If you suspect that an animal in your care has been infected with a serious infectious disease, you are obliged to immediately report it to a veterinarian. Veterinarians, or other animal health staff, who suspect an Epizootic disease are obliged to urgently report it to the County Administrative Board.
An Epizootic disease is a serious infectious disease that may constitute a threat to both people’s and animals’ health. There is a special law to facilitate combating these diseases, and it regulates how to act if you suspect that there might be even a minimum risk of further infection.
Obligation to report certain animal diseases and infectious agents
If you are taking care of an animal and suspect that it has been infected with one of these diseases, you are obliged to immediately report it to a veterinarian. Examples of Epizootic disease are foot and mouth disease, anthrax, swine fever, bluetongue, rabies, and Newcastle disease.
Special obligation to report for veterinarians
A veterinarian, who suspects that an animal has been infected with an Epizootic diseases or salmonella, is obliged to urgently report it to the County Administrative Board or to the Swedish Board of Agriculture via e-mail or phone.
There are other animal diseases that also may be transmitted between animals and humans, and that are under the obligation to report. A list of the animal diseases and infectious matters covered by the notification obligation can be found in the Swedish Board of Agriculture’s instructions on notifiable diseases and infectious matters. In these cases, the obligation to report applies to veterinarians as well as to staff working with autopsies or in laboratories.
The obligation to report applies to each index case. For example, a veterinarian who suspects any of the following horse diseases must notify the County Administrative Board:
- Equine Influenza type A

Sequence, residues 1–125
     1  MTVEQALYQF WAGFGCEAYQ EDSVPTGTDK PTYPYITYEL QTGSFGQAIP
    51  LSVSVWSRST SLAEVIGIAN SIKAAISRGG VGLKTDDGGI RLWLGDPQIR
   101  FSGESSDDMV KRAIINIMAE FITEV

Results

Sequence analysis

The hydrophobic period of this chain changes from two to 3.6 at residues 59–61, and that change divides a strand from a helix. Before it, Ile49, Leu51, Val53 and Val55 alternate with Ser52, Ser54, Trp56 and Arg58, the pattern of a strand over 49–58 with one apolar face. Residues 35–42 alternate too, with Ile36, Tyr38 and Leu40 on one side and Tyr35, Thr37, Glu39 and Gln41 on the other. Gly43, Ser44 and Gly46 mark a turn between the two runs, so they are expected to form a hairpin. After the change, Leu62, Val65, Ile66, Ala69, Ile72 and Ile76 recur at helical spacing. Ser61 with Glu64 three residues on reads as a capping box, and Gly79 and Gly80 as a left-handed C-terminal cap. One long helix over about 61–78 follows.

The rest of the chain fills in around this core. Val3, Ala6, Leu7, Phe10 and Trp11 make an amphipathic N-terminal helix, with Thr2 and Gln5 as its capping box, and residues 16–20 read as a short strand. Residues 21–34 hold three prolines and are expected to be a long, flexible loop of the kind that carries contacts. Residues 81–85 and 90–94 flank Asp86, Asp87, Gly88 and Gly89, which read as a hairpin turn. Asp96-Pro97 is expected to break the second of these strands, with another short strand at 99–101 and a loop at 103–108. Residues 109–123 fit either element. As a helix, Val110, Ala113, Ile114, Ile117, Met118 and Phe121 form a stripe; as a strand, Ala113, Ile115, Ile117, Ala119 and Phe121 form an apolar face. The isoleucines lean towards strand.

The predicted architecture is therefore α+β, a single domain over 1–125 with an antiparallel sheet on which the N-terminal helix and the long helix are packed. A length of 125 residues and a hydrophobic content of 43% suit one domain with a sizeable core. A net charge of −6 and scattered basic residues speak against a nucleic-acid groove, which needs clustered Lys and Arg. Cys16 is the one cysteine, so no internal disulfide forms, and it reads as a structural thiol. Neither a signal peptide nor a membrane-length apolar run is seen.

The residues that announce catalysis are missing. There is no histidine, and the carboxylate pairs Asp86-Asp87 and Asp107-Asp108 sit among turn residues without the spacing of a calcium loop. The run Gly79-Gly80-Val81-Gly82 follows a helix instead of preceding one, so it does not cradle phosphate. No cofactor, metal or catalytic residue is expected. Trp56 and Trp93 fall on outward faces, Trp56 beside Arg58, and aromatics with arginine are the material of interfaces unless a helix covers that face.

- Equine abortion virus (central nervous form)
- Equine viral arteritis
In case of other diseases covered by the notification obligation, the current form must be filled in and sent to the Swedish Board of Agriculture and the relevant county administrative board.
What happens after the report?
After receiving a notification from a veterinarian suspecting an infectious disease, the County Administrative Board will take different measures depending on the disease involved. For example, we may contact other relevant authorities to coordinate combative efforts, send information to relevant organizations and practicing veterinarians, and ensure that the investigating veterinarian receives protective clothing and sampling material.
The occurrence of animal diseases in the county
Current data on the occurrence of animal diseases in the county, and in other parts of Sweden, can be found on the Swedish Board of Agriculture’s website.
Descriptions of the diseases, and information about current cases of animal diseases, can also be found on the National Veterinary Institute’s website.
Brief information on reported equine diseases is published on the Swedish Trotting Association’s website.
Who is responsible for the disease control?
The Swedish Board of Agriculture has the overall national responsibility for disease control and for combating infectious animal diseases.
The County Administrative Board and the County Medical Officer share the regional responsibility for preventive disease control of animals in the county. The County Medical Officer knows, and informs, about current disease cases in the county.
The County Administrative Board cooperates with disease control specialists, the County Medical Officer, the Swedish Board of Agriculture, the Public Health Agency, the National Food Administration and the National Veterinarian Institute as well as with veterinarians operating in the field and county municipalities.
Serious outbreaks of infectious animal diseases
If the county is struck by an outbreak of a serious infectious animal disease, a so called Epizootic disease, the County Administrative Board coordinates the combative efforts. We are also responsible for ensuring compliance with the decisions made in relation to various efforts to combat the disease.
Single cases of infected pets
When single cases of infected pets are found, and there is a risk that the animal may transfer the disease to humans, the municipal environment and health protection committee is responsible for taking proper action for disease control.